TECHNICAL APPAREL FOR YOUR EVERYDAY LIFE | SHOP NOW
TECHNICAL APPAREL FOR YOUR EVERYDAY LIFE | SHOP NOW

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Full Contact Life:

What To Eat When You Travel
 


Because, you wouldn’t eat plane food off the plane...

By: Michael Small | Styled by: Juno Kim | Photos: Thompson Chan 

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They say that the way to a lover's heart is through the stomach, and the sentiment rings true when falling head over heels for travel. Start your trip with a hockey-puck-gas-station-sandwich and your compatibility with trains and planes might end with a swipe left. Airports, in particular, have a lot to answer for; theyre big, shiny and full of hope. Some of them stand up to the task, but others fail miserably – and that's when youre most likely to find yourself slumped over the bar of a chain restaurant in departures, texting your ex and eating Doritos for dinner.

Even if you do make it to the gate unscathed, there's still plane food, delays and connecting flights to deal with. Snagging an upgrade would take care of the plane menu (Google: United Airlines ice-cream sundae cart), but since it͛s not guaranteed, you shouldn't rely on it. It might not be sexy, but the key to a long, committed relationship with travel is preparation. Say no to easy, convenience food, copious amounts of coffee and comfort snacks that only serve to keep you wide-eyed between time zones, and instead pack meals that aid your body mid-air. We asked three well-travelled experts for their advice on what to eat when you travel.

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Zach Berman, co-founder of The Juice Truck

"Travel food usually means compromise. Airports and travel hubs are full of unhealthy fast food and snacks that are overly processed and packed with sugar. Travel can create stress, anxiety, fatigue and inflammation,͟" he explains, "and to balance all of that, you need to nourish your body with foods that will support your immune system."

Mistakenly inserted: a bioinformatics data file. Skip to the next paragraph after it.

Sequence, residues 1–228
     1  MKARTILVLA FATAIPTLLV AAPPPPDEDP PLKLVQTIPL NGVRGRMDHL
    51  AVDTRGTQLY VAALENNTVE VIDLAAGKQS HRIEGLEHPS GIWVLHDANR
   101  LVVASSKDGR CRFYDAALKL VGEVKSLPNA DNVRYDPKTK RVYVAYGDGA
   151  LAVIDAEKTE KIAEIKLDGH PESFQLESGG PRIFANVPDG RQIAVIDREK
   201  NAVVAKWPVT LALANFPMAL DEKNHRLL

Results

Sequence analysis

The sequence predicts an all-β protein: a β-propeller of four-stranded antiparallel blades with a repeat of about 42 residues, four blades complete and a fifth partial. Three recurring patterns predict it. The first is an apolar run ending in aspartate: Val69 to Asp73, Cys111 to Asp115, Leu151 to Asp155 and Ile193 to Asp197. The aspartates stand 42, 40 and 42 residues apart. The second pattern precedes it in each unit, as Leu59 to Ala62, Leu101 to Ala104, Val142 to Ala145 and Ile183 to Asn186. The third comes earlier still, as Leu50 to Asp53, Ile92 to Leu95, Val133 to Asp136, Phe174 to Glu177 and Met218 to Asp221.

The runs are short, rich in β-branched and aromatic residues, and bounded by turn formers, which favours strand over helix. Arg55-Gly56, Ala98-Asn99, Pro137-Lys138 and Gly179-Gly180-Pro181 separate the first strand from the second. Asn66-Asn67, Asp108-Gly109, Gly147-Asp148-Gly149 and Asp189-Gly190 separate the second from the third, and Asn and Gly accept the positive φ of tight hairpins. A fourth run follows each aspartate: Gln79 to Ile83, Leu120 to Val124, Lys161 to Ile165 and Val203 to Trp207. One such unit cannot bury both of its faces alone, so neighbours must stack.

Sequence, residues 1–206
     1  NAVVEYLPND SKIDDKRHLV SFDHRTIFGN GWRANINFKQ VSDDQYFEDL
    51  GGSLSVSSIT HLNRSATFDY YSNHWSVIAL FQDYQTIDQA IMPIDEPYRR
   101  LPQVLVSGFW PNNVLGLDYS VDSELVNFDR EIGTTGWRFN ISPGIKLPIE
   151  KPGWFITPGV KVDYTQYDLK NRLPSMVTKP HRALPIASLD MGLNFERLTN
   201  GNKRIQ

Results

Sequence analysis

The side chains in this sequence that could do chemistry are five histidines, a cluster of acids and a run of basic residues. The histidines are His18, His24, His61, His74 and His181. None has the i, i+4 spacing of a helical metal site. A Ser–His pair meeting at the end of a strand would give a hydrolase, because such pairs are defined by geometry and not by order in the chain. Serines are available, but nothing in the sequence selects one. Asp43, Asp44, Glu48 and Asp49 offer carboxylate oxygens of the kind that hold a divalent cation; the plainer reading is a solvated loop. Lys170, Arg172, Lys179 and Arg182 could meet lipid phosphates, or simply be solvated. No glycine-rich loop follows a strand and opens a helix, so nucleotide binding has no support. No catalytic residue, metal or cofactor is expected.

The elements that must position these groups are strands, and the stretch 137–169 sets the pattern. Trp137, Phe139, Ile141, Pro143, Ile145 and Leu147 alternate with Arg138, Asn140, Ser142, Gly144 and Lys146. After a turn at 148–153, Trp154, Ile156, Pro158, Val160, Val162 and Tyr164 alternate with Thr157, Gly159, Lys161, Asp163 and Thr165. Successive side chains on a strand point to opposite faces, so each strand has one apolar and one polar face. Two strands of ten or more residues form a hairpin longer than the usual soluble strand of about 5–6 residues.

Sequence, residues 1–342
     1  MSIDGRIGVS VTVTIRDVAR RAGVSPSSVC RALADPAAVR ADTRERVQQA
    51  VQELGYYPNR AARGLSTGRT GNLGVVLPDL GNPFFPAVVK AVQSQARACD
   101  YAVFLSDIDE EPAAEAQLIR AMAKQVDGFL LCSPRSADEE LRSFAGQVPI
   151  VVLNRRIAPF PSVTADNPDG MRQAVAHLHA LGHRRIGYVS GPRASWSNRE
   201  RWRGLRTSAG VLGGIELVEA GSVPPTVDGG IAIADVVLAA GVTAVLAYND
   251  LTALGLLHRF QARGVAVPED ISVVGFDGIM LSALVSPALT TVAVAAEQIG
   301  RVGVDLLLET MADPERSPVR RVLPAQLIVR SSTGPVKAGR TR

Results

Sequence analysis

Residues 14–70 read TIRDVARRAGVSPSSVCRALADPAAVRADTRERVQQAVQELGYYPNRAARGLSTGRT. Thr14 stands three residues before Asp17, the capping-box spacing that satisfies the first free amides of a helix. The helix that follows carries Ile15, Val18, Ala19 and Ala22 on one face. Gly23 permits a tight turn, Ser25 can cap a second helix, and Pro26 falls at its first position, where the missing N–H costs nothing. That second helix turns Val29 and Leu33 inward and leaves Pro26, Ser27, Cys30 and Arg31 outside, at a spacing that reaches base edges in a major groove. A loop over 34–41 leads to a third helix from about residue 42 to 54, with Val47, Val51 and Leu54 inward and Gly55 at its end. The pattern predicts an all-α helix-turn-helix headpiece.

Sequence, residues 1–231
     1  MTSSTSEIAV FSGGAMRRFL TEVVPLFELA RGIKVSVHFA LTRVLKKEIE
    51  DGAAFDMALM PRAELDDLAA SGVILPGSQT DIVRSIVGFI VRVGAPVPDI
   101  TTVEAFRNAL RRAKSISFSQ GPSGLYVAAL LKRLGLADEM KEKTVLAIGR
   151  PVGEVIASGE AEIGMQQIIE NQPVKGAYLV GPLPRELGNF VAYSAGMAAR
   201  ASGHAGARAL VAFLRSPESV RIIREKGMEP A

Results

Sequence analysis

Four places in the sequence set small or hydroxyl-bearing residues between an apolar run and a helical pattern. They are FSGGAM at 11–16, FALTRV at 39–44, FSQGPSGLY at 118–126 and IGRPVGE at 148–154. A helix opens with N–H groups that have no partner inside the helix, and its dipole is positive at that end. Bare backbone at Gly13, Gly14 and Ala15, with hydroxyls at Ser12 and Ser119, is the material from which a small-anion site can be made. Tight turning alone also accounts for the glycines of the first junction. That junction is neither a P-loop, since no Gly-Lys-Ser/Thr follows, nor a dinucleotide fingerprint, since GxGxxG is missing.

Trail mix is an easy snack to whip up the night before you leave, and if you make it yourself, you can add all the things you love, and leave out the raisins. Assemble a collection of your favourite nuts and seeds, spread them on a baking tray and drizzle with coconut oil or maple syrup. Bake them low and slow until golden and fragrant, and then mix in dried fruit, carob chips, coconut or cacao nibs when cool. Divide the mix into small Ziploc bags and stuff your pockets with them –it͛s the perfect snack when you͛re moving all day long.

And for plane? According to Berman, "spring rolls are the new sandwich." It may take a little longer to prep at home, but the burrito-like construction gives the feeling of comfort food without compromising on nutrition. Into your rice paper rolls, add your favourite rainbow veggies, sliced or grated, hummus or peanut sauce, and a big handful of fresh herbs like mint and cilantro. ͞"It'll keep you away from any of the usual suspects of fast food traps," Berman promises.

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Anna Barnett, food writer and cook